You might be thinking why is the actual shooting 2 hours long? Even though we had rehearsal days that are used for learning the equipment and help prevent human error sometimes on sets we get technical errors that happen along the way. The first 6 takes were small mistakes during the beginning of the music video after the 360 dance segment happens we had a bit of a timing issue of the blue light panels turning on. Then we had more issues arising with the two aputure 300d striking at the same time with the remote control from takes 7-10. The lights are suppose to turn on at a certain beat in the song but the trigger was getting glitchy. We even switched batteries to see if we are able to solve the problem. With time being the essence since we only had a certain amount of allocated time to use the venue I made the call and decided to do the triggers manually. Since everyone heard the song many times and knows the beat of the music it turned out to be easy to learn. We then did a clean full run on take 11 then took a 10 min break for Josh and I to regain energy since Josh is moving around and dancing a lot on set while I’m operating a 35lb camera while going up and down the stairs.

After doing take 12 as a safety I felt really good about it and we all went back into the house to review the footage. After seeing the footage and how my crew reacted to it I felt like this was the take to use and call it a wrap for the production day. I’ve spent a total of 9 hours on the production day in totally including prepping the equipment and moving furniture around before the rehearsal on that day.

Post – Production

For the post production process no cutting or heavy editing was required since it was a one take music video. The program that I had the main cut on was on Avid Media composer. The only thing I edit on the main cut through media composer was doing a bit of reframing using key frames and also adding a bit of image stabilization to take out any micro bumps that I accidentally did while filming. All of the color grading was done in Davinci Resolve where I implemented key frames to change the exposure and contrast since when walking around the house the lighting changes over time and making these minor adjustments makes the image pop more and looks more appealing to the viewers eyes. I had spent a total of 7 hours in the post production phase which also included sending the music video to Josh for review, doing small final touches, and also helping him post the video to his Youtube channel and making sure to get the right format for better play back quality on the Youtube Platform.

The Crew

With a one take music video it required a lot of team work from everyone and I needed people that I can trust and I know who can fully put 100% into this. So I put together my dream team of those who I worked in class doing video projects and outside of class related work. Right below is the crew list and their different roles in the production. Something that I’ve found very important is making sure everyone is cared for and appreciated for during the production and even after the production. When I took the time and treated my crew members with respect and acknowledging them for their hard work.I felt like doing that kept atmosphere on set was positive and very productive.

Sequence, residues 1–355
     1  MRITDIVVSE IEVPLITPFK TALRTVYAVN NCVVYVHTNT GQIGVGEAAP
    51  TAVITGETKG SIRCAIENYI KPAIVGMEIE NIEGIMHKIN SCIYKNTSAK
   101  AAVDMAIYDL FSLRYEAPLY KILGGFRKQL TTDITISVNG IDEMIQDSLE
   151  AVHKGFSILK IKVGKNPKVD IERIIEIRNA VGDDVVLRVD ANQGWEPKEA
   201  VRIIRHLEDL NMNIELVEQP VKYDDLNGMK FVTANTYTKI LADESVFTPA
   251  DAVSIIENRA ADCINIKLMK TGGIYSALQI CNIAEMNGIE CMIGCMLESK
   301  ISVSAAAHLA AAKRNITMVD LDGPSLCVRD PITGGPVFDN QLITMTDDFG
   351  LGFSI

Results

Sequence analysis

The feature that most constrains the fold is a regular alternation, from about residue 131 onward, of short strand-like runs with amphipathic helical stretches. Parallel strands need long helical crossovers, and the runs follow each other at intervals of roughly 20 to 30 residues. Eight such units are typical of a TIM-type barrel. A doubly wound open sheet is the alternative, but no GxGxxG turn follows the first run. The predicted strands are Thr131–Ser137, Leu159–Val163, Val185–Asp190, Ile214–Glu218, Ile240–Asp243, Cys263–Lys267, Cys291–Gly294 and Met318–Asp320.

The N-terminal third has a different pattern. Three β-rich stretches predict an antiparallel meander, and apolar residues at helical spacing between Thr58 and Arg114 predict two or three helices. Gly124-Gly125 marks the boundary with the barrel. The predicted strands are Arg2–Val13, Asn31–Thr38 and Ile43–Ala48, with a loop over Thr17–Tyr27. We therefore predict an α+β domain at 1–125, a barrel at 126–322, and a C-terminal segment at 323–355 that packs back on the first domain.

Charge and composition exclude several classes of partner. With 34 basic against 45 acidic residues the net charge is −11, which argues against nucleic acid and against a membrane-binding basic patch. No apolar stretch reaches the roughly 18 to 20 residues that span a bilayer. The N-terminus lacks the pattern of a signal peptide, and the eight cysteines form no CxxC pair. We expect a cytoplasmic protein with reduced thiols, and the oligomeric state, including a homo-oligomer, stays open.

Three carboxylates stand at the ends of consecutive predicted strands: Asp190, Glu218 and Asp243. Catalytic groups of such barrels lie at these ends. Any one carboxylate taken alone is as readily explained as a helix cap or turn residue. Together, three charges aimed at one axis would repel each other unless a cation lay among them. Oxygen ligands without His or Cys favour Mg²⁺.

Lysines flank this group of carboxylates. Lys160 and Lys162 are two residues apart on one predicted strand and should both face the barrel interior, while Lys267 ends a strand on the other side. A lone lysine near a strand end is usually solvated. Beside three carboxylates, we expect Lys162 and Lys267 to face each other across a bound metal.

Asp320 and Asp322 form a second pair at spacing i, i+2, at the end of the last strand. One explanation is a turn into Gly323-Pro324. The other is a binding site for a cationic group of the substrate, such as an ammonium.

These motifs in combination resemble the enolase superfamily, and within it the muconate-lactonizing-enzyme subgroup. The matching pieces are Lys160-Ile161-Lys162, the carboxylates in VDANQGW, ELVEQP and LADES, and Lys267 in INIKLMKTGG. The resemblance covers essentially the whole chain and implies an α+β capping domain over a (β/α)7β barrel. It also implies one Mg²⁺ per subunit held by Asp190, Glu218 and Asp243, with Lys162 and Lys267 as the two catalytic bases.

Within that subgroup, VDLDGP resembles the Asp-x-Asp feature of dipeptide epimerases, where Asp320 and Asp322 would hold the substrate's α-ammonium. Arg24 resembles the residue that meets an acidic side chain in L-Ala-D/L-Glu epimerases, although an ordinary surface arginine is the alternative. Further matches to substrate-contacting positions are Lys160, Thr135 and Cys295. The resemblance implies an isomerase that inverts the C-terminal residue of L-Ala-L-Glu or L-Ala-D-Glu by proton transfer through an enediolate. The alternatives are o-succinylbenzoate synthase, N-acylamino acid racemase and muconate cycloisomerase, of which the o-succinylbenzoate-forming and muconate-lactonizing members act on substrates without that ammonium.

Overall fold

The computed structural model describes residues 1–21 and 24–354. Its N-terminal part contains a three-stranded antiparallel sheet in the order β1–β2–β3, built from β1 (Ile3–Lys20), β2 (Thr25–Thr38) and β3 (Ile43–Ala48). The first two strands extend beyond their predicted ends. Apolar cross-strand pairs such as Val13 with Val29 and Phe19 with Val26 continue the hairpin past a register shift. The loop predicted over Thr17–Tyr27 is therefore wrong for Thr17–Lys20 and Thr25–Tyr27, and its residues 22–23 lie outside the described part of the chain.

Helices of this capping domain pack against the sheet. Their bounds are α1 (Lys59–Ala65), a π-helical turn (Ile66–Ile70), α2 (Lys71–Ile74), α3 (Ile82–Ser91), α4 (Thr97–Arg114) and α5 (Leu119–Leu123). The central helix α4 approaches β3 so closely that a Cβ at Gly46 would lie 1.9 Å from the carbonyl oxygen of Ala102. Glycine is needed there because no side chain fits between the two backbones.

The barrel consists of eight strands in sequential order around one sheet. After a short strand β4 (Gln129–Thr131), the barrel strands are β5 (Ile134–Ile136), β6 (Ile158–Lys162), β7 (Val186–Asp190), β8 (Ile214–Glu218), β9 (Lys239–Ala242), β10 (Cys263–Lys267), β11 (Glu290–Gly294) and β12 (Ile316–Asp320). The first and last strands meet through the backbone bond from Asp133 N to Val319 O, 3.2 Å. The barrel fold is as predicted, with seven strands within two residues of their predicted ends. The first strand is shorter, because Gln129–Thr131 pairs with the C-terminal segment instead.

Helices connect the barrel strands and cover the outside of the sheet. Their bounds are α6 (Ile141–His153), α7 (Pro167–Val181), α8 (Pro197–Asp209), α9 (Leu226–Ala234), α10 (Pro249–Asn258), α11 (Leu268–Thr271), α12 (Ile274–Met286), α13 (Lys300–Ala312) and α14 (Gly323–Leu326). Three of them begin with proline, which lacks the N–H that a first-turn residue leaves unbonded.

• Vincent Pelina – Director/Steadicam Operator

  • Jeff Bennett – Assistant Director & Key Grip

  • Zhiyang Tsai – 1st AC (Assistant to Camera) / Gaffer

  • Aidan Griener – Story Board/Script Supervisor/Best Boy/ Fog Machine Operator

  • Kenzie Gully – Producer / 300D Operator

  • Xela Smith – Choreographer / Actor

  • Connor Taylor – 120D Operator

  • Sydney Jolley – 120D Grip

  • Mario Bambo – 300D Operator

  • Edwin McCrory – 300D Grip

  • Eliza Stone- 300D Grip

  • Perla Child – Ambience lighting

  • Chelsey Urich – Behind The Scenes/Ambience Lighting

Final Draft of Music Video

What I’ve Learned

From this experience one of the main things I’ve learned is being organized and doing things in a step by step manor and not jumping the gun. The pre-production portion of the music video shoot took the longest since being a one take I needed to make sure everyone is on the same page and not lost through the process. In the past I’ve directed many other shoots but it was only with a small crew with 3-5 people. With a crew of 12 people and many moving parts on set it was a good stretch in using my communication skills I’ve learned through my career being a student in the communication department. It was very important that everyone understood the information that I was portraying since we all had to move together as a team. When one person falls behind then the whole production falls behind too.

Something that is very important too is making sure that your client is having a good experience and if you are stress you do not portray that to the client. I noticed that if I was starting to get stress and started to show it a bit then the client starts getting stress and then it starts reflecting on the crew. Being in a directors role I had to make sure to stay calm when things aren’t going as plan and calmly think of a solution. I was glad I broke up the work and had a assistant director with me on set which help out with the loads of question I was having from individual crew members and also being a second eye on set while I was operating the camera. If I would of done something different I would of make sure that we had more time with the equipment and practicing with it and also working with the artist a bit more on the acting and performance aspect. Since this music video was very technical heavy my mind was more on the technical aspect. As a director I should of also implemented the acting aspect. But overall keeping on track with the schedule and plan that was made in the pre-production phase will help keep the whole production on track and together we can all produce a viable product.